1955 A Cincinnati Reds loss drops their all-time franchise record (including their Double-A days in the 1880s) to 117 games under .500: 5,315-5.432. They’ll tie this mark two days later, but never fall lower.
1957 Mickey Mantle belts his 200th home run.
1959 Larry Doby plays his last game
1960 The Phillies score, after 38 straight innings without a run.
1961 The Indians belt four triples in one game.
1961 Johnny Blanchard of the Yankees homers in his four consecutive at bat, tying an all-time record.
1964 Braves pitcher Chi-Chi Olivo wins both games of a doubleheader against the Mets. Both teams use 11 pitchers in the doubleheader, a record.
1964 Tony Perez makes his big league debut.
1964 In the top of the second inning, Sandy Koufax loads the bases with no outs, and then strikes out the next three batters to get out of the jam without allowing a run. This is the only time Koufax ever does that.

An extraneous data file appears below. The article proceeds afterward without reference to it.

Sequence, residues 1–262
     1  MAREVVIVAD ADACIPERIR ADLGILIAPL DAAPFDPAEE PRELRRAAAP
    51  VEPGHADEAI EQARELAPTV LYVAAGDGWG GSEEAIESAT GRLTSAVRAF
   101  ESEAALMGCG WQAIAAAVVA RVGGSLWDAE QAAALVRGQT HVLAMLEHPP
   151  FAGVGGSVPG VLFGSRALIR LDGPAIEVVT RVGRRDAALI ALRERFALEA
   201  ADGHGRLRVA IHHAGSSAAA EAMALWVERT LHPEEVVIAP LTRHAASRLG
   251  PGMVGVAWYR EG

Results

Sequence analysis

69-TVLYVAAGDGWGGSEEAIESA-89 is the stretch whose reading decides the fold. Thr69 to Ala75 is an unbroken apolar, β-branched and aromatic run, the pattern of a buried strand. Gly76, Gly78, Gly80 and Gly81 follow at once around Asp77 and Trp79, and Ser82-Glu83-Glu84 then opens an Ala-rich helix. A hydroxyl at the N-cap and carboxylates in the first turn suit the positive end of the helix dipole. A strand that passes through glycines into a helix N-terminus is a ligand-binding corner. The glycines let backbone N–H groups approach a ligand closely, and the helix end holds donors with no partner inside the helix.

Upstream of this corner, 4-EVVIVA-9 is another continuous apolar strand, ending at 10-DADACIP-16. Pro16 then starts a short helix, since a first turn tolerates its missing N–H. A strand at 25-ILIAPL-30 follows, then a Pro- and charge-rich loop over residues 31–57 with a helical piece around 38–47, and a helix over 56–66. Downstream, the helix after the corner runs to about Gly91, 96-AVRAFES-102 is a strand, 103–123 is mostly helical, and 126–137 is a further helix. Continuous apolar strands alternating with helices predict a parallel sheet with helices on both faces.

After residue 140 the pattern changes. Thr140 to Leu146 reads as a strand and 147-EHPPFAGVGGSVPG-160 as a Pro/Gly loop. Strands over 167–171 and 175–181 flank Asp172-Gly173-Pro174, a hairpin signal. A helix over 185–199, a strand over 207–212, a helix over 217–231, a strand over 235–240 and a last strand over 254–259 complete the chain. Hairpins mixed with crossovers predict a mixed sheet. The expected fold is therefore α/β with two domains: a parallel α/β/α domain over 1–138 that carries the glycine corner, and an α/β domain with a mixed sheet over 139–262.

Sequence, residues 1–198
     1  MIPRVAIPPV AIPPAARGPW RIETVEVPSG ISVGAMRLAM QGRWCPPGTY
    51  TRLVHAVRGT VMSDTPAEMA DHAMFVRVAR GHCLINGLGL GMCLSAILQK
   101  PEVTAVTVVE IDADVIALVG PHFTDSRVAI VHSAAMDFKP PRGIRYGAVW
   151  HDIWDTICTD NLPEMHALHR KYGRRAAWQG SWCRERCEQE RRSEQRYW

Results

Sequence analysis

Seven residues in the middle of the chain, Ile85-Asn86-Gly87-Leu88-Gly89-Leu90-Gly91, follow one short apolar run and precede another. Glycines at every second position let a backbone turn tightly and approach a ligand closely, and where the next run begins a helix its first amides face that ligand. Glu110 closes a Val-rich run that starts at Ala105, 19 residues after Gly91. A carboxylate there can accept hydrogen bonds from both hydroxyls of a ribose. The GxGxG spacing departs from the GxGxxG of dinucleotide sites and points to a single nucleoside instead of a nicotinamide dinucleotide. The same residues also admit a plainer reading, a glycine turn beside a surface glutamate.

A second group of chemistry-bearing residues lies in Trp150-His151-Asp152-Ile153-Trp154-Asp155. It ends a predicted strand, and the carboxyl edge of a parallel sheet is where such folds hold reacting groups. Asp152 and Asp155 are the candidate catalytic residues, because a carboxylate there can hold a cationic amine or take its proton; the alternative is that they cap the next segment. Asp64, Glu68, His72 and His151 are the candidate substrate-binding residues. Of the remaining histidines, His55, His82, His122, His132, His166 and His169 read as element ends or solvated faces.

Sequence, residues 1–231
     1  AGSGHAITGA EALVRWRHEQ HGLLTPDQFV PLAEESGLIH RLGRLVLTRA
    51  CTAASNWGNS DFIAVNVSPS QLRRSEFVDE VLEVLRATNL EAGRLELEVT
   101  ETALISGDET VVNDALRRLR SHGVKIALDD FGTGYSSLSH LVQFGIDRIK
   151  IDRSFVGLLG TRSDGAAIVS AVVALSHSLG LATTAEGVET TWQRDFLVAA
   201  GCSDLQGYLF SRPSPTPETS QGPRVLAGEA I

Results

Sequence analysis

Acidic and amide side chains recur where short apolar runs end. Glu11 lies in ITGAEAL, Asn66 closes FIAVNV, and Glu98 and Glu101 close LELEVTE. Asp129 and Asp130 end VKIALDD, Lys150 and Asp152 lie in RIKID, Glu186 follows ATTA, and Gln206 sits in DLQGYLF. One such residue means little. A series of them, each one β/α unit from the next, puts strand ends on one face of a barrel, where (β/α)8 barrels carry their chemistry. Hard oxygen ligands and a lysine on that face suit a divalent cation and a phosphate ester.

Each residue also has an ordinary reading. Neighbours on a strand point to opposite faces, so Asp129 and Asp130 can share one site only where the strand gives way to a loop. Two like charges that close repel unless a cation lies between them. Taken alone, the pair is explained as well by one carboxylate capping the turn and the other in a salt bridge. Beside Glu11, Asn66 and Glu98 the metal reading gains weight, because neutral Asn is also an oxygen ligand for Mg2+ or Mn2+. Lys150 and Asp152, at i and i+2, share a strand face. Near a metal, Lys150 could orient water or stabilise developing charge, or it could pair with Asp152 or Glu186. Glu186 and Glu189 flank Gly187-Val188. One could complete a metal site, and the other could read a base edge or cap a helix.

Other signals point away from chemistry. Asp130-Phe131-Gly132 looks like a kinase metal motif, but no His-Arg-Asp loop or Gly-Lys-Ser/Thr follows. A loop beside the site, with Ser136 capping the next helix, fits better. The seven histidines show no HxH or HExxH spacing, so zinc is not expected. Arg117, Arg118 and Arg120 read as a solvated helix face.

1965 Casey Stengel undergoes hip replacement surgery.
1965 Jay Dahl, age 19, becomes the younger major league player to die. He played with Houston on September 27, 1963, the day of their super-young lineup, and dies in a car crash.
1965 Sam Rice writes a sealed letter to the Hall of Fame not to be opened until after he died. The letter states whether or not he caught a famous fly ball in the stands in the 1925 World Series. The umps said he did, but it was always controversial because he fell behind the wall of the stands when catching it and so people couldn’t tell if he had really caught it or not.